Houston Criminal Defense Blog

What Can’t Sex Offenders Do in Texas?

Jail

In Texas, those convicted of sex crimes face consequences long after their prison sentence has been served. Individuals who are required to register as sex offenders may have additional stipulations on their movements, and be restricted from performing certain other activities. If you’ve been accused of a sex crime, it’s important to know the long-term limitations you could be faced with if found guilty.

Residency Restrictions

One of the biggest restrictions sex offenders face involves where they may live. Texas law currently prohibits registered sex offenders from living or even visiting a residence that is within 500 feet of a “child safety zone.” A child safety zone is considered any place where children frequently gather, and can include:

  • Schools
  • Parks
  • Youth Centers
  • Athletic Fields
  • Day Care Centers

Certain areas also have their own limitations on where sex offenders may live. For example, nearby Baytown recently enacted an ordinance that makes it illegal for a registered sex offender to live within 1,500 feet of a school, public park, playground or video arcade. The new law also makes it a crime to rent such a property to a registered sex offender. Those who were already residing in one of these areas are exempt from punishment under the new law.

Employment Location Restrictions

The location where individuals may work is also restricted, since registered sex offenders may not even visit locations that are within a certain distance of “child safety zones.” This means that an individual is prohibited from seeking employment from any business located in one of these areas. The Texas Sex Offender Registry also provides information about where offenders work in order to ensure location restrictions are not violated.

In Texas, those convicted of sex crimes face consequences long after their prison sentence has been served. Individuals who are required to register as sex offenders may have additional stipulations on their movements, and be restricted from performing certain other activities. If you’ve been accused of a sex crime, it’s important to know the long-term limitations you could be faced with if found guilty.

Occupational Restrictions

Texas law does not specifically prohibit registered sex offenders from holding certain occupations. Even so, licensing agencies may deny professional licenses to offenders in certain occupations. The decision to deny a license is up to each agency’s own discretion. A few occupations sex offenders may be denied entry into include:

  • Day care operator
  • Teacher
  • Coach
  • Physician

Employers may also develop their own criteria for employment, and can therefore determine that hiring a sex offender would not be in the best interests of their business. As such, many entities such as restaurants and retail outlets that regularly serve the public often shy away from hiring registered sex offenders.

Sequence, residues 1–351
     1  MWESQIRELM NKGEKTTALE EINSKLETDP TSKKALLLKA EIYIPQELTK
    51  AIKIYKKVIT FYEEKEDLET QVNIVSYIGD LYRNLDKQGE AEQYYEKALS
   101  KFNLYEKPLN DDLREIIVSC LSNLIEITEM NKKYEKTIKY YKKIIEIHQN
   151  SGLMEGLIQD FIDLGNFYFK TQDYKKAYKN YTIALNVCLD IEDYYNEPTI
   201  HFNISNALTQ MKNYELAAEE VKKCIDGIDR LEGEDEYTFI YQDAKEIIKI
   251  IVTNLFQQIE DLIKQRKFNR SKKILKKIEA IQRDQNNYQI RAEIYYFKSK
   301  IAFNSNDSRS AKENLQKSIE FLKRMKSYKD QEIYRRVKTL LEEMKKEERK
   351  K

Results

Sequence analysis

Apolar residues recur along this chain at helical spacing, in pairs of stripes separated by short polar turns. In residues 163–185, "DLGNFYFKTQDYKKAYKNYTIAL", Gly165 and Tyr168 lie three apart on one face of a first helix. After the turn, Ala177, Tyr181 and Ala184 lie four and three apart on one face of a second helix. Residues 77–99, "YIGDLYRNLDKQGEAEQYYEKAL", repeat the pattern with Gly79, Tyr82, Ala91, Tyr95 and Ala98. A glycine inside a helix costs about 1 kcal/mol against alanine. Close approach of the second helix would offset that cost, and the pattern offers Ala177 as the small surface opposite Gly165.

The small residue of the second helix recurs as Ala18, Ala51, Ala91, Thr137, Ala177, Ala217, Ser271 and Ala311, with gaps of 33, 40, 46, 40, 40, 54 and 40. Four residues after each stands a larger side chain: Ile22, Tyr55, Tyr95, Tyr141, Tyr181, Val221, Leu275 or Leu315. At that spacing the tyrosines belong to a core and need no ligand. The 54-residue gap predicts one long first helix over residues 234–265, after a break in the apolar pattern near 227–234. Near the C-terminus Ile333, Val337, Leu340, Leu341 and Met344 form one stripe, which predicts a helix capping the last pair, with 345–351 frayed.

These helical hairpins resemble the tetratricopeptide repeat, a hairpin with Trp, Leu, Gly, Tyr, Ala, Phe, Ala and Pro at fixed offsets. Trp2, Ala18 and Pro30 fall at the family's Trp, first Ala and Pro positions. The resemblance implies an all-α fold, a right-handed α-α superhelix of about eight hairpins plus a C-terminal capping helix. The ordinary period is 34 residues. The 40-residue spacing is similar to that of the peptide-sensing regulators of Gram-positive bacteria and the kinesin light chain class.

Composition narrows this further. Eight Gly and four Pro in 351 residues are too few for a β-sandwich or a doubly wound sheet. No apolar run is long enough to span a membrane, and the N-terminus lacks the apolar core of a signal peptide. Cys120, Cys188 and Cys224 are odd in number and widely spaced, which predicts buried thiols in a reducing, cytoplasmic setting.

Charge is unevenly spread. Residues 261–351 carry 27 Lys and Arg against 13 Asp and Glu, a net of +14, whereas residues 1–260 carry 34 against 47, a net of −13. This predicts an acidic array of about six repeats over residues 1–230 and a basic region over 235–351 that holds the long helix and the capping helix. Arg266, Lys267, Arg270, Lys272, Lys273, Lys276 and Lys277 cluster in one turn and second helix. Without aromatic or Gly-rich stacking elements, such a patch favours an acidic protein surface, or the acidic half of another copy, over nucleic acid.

Voting Privileges

Those found guilty of a felony sex offense will be unable to vote while they are still on parole or probation. Once released, an individual is then eligible to vote, even if he or she is still required to register as a sex offender.

Other Restrictions

There may be other restrictions on the activities of Texas sex offenders once they are released from jail. A few of these restrictions may be:

  • Limited or no Internet access
  • Having movement restricted to only within a certain area
  • Restricted contact with minors or the victim
  • Being unable to own or purchase firearms
  • Regular drug and alcohol screening

Some offenders will be required to serve a probation sentence after being released. Probation could result in regular home visits to ensure the terms of it are being met. Individuals will also be required to find employment or attend a vocational training program to prepare them for future work. Mandatory sex offender counseling could also be required unless such a program was completed while incarcerated.

Advocacy Urged

Many people believe the current sex offender laws are too restrictive and make it more likely an individual will commit another crime due to lack of employment opportunities. Advocates argue that contrary to popular belief, sex offenders are less likely than others to reoffend in the same category, and therefore are not as dangerous to society as everyone fears. Victim’s rights groups on the other hand continue to place pressure on lawmakers to restrict the movement of sex offenders even more so that others in turn do not become victims.

Seek Legal Counsel

If you’ve been accused of a sex crime, there could be far-reaching consequences if you are ordered to register as a sex offender. To avoid these consequences, which can greatly affect every aspect of your life, it’s important to seek counsel as soon as possible. Fighting for your innocence is something that should not be taken lightly.

Contact a experienced sex crimes attorney Billy Skinner today! We will work hard to protect your rights and future.

Photo Joseph Kranak | Used under Creative Commons image attribution license 2.0

Categories: Sex Crimes